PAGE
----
A protein that acts as a motor (it moves stuff). Motor proteins are essential to life as we know it.

Myosins are the responsible for movement along the thin filaments of actin in our cells. Specifically, The two most common kinds of Myosin are Myosin I, which moves filaments themselves and vacuoles full of things like neurotransmitters that are essential to thought, and Myosin II, which is important for the motion of muscles (see sarcomere).

Dyneins and Kinesins are motor proteins that move on microtubules and are essential to mitosis (cell reproduction), cilia, and flagella like the tail of sperm cells. These are also important for transport and cell structure.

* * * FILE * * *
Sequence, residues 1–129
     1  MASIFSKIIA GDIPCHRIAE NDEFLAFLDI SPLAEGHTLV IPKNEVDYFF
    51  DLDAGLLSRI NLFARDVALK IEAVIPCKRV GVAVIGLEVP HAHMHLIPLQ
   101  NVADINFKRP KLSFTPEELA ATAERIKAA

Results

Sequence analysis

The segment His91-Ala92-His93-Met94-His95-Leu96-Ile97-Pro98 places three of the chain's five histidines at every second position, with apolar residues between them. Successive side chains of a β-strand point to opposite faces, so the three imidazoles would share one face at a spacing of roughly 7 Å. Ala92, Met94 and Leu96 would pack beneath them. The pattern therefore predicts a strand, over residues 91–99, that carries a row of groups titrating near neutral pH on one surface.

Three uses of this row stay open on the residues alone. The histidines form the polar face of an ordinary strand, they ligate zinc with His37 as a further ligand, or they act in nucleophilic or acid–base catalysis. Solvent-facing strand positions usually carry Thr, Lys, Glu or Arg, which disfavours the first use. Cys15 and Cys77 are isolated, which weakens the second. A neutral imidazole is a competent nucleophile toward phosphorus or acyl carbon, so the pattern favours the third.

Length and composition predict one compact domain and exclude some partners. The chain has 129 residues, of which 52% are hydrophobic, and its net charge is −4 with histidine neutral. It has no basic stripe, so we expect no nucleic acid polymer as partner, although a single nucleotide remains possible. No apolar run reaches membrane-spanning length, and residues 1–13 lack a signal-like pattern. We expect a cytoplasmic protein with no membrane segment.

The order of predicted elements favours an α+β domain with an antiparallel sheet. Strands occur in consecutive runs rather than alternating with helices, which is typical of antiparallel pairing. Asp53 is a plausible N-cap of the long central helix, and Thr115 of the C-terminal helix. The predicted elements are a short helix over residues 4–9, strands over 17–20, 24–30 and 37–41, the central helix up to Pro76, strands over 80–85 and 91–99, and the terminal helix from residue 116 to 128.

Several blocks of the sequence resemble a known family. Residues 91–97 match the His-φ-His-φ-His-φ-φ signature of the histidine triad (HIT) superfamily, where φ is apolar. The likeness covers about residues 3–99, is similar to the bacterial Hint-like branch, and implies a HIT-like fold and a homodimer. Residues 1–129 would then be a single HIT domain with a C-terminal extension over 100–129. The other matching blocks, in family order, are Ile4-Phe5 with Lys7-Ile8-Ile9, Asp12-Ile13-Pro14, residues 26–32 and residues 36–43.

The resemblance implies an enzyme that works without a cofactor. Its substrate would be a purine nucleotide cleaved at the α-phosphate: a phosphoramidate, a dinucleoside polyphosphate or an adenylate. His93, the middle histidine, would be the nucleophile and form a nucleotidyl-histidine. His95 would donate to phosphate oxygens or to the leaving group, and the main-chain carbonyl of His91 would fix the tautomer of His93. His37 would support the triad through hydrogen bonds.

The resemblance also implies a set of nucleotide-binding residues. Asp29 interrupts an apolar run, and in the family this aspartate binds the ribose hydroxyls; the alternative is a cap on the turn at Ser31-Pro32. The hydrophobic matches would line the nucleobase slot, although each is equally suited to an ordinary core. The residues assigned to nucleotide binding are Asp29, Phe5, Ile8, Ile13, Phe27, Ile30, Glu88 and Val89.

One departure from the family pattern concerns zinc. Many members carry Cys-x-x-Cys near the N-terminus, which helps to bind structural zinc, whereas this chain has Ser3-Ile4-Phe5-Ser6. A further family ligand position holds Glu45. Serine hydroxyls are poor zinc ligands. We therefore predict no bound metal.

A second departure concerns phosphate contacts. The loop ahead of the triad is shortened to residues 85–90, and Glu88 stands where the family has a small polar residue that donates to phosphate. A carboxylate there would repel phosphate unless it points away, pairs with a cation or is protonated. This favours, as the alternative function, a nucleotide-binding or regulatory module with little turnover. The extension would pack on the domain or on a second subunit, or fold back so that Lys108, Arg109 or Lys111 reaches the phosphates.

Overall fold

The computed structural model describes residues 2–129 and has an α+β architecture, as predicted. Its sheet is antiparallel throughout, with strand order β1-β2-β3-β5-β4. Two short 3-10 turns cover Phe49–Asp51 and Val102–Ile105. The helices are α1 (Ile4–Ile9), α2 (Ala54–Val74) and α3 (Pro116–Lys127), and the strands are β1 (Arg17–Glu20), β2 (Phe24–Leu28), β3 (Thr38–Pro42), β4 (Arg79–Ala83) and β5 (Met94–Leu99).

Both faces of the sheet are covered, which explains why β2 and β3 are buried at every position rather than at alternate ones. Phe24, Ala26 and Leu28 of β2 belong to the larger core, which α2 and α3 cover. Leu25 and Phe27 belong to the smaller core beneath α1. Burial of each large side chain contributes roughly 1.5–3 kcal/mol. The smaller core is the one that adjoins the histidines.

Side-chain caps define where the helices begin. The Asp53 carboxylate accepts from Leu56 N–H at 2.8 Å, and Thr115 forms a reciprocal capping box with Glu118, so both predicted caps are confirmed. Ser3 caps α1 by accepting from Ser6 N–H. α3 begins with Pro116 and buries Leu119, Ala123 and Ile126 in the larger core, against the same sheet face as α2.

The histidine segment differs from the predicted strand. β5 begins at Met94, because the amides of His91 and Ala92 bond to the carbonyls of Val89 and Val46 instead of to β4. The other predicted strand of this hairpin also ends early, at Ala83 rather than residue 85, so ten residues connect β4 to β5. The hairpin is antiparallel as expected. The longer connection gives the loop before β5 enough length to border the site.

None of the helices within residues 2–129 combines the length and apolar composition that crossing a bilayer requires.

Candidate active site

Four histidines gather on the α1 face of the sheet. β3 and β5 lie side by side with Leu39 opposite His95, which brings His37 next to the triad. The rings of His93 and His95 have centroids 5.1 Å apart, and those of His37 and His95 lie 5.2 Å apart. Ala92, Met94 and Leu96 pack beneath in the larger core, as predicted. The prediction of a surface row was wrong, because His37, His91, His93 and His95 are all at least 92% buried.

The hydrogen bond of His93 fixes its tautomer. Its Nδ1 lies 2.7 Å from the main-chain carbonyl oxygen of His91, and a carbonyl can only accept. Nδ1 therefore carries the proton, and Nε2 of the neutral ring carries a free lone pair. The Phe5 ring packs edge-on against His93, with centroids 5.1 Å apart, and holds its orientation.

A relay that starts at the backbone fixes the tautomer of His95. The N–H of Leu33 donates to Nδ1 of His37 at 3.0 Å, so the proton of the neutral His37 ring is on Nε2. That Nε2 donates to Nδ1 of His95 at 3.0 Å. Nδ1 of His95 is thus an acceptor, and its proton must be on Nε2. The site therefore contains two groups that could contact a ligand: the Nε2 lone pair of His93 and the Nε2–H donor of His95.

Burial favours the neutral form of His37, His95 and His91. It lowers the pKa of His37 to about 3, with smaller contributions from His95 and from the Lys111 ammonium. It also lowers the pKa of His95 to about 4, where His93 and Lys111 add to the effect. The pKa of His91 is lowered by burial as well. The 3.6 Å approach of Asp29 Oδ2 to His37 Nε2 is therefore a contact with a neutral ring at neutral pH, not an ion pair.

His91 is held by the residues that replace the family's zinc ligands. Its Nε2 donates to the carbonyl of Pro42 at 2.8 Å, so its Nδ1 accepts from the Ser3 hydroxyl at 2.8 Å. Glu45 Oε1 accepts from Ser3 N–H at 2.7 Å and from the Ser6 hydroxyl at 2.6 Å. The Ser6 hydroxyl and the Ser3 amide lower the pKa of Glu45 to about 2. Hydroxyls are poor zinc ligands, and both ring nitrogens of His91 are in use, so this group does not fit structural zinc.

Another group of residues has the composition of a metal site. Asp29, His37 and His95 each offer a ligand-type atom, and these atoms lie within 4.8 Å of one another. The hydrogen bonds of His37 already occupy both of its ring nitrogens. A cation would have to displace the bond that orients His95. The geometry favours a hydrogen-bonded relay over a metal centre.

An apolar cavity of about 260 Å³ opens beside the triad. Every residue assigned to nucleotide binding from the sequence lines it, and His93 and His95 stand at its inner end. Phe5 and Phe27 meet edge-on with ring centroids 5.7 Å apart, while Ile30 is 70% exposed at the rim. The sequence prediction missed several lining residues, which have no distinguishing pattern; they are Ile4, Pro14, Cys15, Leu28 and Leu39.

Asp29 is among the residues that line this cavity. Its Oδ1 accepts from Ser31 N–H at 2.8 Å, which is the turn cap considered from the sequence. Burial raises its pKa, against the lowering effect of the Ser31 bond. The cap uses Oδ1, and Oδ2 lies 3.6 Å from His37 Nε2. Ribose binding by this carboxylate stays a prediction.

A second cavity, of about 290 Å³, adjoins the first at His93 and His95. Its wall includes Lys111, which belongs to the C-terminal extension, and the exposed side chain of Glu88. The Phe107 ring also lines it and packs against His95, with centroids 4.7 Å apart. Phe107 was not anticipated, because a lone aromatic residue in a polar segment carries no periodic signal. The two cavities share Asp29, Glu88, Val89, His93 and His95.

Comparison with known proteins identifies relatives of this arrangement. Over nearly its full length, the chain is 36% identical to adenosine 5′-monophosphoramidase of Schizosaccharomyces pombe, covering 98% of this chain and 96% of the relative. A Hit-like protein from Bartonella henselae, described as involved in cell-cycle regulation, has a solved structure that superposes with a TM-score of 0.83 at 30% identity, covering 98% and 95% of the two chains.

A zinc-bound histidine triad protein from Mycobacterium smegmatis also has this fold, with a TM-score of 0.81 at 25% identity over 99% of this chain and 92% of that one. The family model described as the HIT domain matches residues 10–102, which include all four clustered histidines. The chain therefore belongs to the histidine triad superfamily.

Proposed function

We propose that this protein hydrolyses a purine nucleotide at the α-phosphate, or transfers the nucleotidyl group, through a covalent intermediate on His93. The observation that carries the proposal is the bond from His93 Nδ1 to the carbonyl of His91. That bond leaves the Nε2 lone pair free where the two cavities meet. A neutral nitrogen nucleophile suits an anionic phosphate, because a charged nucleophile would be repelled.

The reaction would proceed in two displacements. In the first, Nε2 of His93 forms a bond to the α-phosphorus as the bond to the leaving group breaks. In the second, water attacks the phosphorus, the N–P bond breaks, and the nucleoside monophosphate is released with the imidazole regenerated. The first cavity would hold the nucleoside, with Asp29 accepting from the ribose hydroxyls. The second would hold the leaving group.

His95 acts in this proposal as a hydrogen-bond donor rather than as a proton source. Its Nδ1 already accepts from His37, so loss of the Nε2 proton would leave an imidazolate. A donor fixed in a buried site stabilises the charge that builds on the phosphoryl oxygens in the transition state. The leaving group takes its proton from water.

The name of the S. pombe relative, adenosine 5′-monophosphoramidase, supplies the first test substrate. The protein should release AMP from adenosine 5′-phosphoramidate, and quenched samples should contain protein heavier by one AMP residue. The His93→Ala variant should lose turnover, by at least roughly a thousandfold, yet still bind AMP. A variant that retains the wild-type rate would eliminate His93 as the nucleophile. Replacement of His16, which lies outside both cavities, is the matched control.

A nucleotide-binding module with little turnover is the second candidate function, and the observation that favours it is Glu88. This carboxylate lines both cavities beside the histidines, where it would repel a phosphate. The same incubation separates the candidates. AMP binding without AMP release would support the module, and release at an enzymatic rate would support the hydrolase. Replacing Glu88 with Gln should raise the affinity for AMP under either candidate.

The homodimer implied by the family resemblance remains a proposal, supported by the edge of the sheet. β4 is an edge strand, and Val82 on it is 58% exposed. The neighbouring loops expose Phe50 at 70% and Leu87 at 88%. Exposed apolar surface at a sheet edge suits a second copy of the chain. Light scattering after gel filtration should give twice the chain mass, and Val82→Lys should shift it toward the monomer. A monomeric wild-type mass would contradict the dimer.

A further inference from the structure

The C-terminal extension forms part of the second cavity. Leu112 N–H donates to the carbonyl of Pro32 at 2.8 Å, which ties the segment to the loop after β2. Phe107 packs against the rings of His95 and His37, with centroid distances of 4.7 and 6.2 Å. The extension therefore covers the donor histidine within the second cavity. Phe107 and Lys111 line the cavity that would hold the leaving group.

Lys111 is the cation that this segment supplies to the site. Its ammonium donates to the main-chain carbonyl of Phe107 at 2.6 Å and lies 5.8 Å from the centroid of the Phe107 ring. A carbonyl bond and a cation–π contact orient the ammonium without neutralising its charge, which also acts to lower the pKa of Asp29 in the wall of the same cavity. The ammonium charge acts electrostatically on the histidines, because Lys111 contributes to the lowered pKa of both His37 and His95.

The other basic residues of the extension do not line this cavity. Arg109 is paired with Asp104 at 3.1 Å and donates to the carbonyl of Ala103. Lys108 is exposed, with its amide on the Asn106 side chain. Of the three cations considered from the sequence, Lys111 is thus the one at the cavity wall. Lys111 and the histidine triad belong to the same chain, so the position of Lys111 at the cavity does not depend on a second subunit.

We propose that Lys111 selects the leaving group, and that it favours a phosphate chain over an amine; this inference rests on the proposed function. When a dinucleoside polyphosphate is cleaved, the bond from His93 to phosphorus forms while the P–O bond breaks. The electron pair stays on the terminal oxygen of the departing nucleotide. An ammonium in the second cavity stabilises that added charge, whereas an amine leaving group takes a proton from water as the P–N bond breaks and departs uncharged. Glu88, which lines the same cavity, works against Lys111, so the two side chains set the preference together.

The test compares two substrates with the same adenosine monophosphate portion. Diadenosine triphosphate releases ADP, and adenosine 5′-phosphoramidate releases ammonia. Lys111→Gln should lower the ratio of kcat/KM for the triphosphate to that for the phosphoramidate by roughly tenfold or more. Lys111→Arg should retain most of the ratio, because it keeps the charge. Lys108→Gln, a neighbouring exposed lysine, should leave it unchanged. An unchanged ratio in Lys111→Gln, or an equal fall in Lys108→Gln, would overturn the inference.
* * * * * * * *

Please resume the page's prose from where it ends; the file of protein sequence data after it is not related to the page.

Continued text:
While there are motor proteins for microfilaments and microtubules, there are no known motor proteins for intermediate filaments probably because intermediate filaments are non-polar, so the motor would have a very hard time moving in one direction consistantly.

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